[Python-Dev] Relative Package Imports
Sat, 18 Sep 1999 23:18:52 -0400
> Seems that we're a bit too healthy (see MarkH's post) sometimes,
> i.e. there isn't all that much room for experiments.
The odds of a change making it into Python radically decreased when 1.0 hit
the net, and have continued to decline (although slowly) since then. In
recent years, Guido appears to me to have gotten ever more reluctant to
entertain even 100% compatible changes to the internals, if they affect a
delicate area of the implementation (ceval.c is the most obvious one there).
But that's "normal & healthy" <wink> too. Languages & implementations get
brittle with age, and it's eventually better to start over -- if Guido
didn't have Python2 plans in mind, he'd be the first language designer ever
to stop where he started!
> Just think of cool developments like Chris' stackless python. Experience
> shows that these kind of things will never make it into the distribution.
Unfortunately, circumstances piled up and Chris got distracted from that,
while nobody else made time to push it in his absence. Large changes have
gone in, and even more may make it into the Python1 line, but it generally
takes a large or "strategic" user base, and much persistence. GregS
mentioned his massive work on threads (still not all in), and I'll add the
NumPy extensions (which I wouldn't be surprised to see "mainstreamed"),
BarryW's string methods, and DavidA's rich comparisons.
> Unfortunately, maintaing patches to the dist across releases a real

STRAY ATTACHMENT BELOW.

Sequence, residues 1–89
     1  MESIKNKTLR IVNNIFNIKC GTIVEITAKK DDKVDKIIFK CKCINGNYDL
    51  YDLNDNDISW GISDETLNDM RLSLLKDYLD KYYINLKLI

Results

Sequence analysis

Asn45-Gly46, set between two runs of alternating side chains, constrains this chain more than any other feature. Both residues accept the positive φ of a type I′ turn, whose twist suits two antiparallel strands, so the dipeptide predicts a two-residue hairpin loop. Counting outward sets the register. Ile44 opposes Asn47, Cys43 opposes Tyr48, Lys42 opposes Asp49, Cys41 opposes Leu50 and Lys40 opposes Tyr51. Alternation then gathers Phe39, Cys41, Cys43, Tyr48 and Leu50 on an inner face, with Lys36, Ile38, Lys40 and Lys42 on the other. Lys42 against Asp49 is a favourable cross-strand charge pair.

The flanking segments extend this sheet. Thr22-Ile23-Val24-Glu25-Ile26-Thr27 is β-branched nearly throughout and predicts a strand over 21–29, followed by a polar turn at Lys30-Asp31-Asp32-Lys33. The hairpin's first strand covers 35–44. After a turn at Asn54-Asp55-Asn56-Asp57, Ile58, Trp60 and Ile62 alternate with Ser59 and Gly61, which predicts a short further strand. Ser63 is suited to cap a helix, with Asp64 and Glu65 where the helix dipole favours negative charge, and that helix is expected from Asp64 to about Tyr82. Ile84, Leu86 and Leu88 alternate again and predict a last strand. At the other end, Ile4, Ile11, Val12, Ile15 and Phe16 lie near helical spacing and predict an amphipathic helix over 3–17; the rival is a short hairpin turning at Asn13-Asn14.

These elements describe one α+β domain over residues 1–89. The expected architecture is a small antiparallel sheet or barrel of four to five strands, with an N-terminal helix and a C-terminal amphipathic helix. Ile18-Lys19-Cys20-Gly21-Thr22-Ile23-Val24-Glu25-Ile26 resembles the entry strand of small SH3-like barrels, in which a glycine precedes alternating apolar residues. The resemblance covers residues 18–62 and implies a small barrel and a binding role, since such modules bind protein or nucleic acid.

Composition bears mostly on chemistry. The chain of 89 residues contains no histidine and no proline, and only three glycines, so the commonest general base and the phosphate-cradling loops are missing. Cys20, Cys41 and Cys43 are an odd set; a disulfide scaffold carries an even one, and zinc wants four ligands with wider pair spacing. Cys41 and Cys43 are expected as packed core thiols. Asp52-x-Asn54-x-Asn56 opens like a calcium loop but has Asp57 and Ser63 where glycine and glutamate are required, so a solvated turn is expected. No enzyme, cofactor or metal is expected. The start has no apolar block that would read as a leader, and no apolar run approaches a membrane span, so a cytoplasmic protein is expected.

> pain and much work, so these ideas will just sit there unused and
> untested. Much the same happened to gcc ... in the end corporate
> strength made egcs possible. Perhaps we need such a branch too ?
Don't tell, but I've always been surprised at how few people have tried to
release a variant Python! The Alice version (case-insensitive names, and
1/2==0.5) is the only one that comes to mind, and the primary effect that
had on today's Python is that raw expressions no longer print their value in
non-interactive mode (before Alice,
1 + 2
on a line by itself caused "3" to get printed even in batch scripts; this
interfered with the Alice team's favored
coding style, and Guido endured much pain to change "the real" Python to
avoid a code split at that early stage of Python's life; ultimately futile,
but then Alice Python didn't catch on anyway).
So there's very little Python-related history to go on here. I don't mind
seeing variants, but have to predict they won't get very far. Just picture
what Python 1.6V would look like if its feature set were drawn from a
consensus among you, me, Christian, Greg Ewing, John Skaller and Tom
the-value-of-a-benevolent-dictator-is-easy-to-underestimate-ly y'rs - tim